Tidying Up

If you’re anything like me, you have found yourself in the middle of binge watching the new Netflix show, “Tidying Up with Marie Kondo,” staring at your overflowing closet, and wishing that you could live a simpler life. But you like your stuff!

That same cramped, crowded mindset often spills over into our writing. We’ve all heard it a billion times, but writing really is rewriting. Whether you are of the mindset of “killing your darlings,” or adhere to Marie’s “keep only your joy” philosophy, we have to find a way to tidy up these vomit drafts.

Here’s another way to look at rewriting. Hopefully you’ll find some tips that help you clean out and organize your overflowing script. Meanwhile, I’ll be over here looking at every line and asking myself, “does this bring me joy?”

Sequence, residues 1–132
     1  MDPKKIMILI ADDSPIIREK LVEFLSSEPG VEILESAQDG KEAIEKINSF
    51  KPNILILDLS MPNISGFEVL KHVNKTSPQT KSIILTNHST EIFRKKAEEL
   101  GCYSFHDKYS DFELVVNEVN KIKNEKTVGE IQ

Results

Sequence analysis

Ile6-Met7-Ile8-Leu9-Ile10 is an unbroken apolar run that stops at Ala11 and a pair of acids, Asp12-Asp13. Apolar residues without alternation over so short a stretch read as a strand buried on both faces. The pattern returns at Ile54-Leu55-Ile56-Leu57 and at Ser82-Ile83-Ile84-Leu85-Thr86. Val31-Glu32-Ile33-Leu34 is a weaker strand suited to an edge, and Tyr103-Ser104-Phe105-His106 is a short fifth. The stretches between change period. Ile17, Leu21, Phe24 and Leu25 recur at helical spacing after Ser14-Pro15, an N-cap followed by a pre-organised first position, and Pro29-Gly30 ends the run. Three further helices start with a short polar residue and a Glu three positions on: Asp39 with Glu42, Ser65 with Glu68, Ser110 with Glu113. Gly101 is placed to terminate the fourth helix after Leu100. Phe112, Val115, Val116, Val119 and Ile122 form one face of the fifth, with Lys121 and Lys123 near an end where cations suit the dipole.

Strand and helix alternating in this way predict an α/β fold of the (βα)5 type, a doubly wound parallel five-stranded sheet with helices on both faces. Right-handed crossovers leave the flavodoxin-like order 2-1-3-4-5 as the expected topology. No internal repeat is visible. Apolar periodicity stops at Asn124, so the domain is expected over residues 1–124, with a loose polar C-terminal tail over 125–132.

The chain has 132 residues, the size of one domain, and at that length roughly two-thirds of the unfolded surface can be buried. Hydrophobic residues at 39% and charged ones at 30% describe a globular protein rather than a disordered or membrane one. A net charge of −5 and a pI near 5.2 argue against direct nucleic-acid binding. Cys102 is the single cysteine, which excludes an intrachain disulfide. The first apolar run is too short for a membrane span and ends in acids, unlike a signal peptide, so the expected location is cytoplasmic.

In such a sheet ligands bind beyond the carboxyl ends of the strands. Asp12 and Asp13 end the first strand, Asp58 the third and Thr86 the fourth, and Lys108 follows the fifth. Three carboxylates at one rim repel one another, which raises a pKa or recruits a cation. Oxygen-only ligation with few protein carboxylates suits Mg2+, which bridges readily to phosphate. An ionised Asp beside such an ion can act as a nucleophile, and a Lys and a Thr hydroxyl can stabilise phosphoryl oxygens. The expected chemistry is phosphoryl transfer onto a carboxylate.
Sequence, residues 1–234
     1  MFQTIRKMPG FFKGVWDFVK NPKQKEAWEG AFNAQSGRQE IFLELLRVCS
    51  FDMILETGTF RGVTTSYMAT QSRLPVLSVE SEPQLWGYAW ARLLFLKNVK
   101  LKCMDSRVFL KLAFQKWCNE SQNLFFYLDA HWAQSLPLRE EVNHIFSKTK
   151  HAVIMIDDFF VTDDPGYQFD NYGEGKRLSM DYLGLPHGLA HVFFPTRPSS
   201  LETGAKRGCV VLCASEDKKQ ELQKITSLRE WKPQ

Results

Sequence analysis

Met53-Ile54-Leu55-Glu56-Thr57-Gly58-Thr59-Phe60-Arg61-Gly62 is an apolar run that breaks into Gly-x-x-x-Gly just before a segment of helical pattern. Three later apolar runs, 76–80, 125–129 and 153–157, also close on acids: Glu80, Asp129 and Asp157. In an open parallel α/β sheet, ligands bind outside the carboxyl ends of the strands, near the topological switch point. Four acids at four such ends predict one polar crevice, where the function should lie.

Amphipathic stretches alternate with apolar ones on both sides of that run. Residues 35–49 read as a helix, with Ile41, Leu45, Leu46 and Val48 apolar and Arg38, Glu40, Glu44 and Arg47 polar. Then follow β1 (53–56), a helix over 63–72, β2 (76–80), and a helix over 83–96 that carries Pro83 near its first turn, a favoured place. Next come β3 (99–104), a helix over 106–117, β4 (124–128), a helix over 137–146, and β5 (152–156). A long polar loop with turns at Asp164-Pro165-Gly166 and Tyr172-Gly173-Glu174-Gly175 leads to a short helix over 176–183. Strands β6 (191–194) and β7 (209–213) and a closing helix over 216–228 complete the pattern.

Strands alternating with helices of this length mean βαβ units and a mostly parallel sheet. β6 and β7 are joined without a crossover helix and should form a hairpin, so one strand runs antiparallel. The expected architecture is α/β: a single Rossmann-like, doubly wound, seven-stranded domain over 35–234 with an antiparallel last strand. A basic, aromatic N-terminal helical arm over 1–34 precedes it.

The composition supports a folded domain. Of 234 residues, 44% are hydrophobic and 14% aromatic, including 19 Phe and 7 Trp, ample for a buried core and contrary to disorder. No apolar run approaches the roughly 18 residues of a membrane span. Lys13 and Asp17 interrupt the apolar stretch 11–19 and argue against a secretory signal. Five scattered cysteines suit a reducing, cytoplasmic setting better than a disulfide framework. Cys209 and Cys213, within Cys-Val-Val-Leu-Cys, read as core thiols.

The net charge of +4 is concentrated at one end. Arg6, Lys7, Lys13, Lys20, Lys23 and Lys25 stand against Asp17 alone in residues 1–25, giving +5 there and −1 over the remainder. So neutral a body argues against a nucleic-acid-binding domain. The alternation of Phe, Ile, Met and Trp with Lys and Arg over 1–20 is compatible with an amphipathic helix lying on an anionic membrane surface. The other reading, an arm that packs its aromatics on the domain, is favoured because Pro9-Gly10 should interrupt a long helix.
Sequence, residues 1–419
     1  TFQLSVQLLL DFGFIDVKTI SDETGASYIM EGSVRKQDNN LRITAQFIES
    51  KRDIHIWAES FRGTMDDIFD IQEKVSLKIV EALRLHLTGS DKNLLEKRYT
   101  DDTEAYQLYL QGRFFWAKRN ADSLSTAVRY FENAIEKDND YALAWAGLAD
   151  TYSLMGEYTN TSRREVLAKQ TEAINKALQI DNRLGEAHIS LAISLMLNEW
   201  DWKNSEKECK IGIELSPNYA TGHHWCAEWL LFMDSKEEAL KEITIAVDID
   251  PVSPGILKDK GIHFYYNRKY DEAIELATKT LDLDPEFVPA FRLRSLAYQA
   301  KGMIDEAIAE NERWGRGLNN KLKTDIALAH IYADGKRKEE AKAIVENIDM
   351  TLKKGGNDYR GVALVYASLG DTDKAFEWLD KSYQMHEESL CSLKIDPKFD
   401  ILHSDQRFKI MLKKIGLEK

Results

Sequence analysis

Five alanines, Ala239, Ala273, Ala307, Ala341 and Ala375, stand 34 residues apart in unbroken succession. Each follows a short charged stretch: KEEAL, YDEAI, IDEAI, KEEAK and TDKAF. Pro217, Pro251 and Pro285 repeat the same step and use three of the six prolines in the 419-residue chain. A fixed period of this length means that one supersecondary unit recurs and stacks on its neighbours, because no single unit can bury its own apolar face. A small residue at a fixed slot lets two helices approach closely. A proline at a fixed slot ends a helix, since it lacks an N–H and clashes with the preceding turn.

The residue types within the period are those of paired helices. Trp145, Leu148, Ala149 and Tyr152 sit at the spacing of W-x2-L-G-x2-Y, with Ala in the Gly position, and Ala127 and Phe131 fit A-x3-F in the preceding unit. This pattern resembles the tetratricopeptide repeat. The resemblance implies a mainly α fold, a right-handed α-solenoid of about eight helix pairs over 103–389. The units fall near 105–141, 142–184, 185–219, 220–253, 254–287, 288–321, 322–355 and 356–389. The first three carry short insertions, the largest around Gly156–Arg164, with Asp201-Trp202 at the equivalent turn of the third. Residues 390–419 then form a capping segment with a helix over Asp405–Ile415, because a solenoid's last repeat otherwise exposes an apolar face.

Six Rules from Oscar-Winning Editor Walter Murch

V Renee at No Film School discusses Walter Murch’s six rules for editing your film. He’s got two Oscars under his belt, so you might wanna listen 🙂

6 ‘Rules’ for Good Cutting According to Oscar-Winning Editor Walter Murch

How Cinematography and Editing Can Help Propel Your Story

V Renee at No Film School discusses how cinematography and editing are used to convey a character’s thoughts and solve mysteries in the hit BBC show Sherlock. Included is a video essay by Evan Puschak of Nerdwriter that explains how different editing techniques are used to put together the story like pieces of a puzzle.

Also included: the best description of Benedict Cumberbatch’s voice ever.    

Full article and video essay here: How ‘Sherlock’ Masterfully Solves Mysteries Using Cinematography and Editing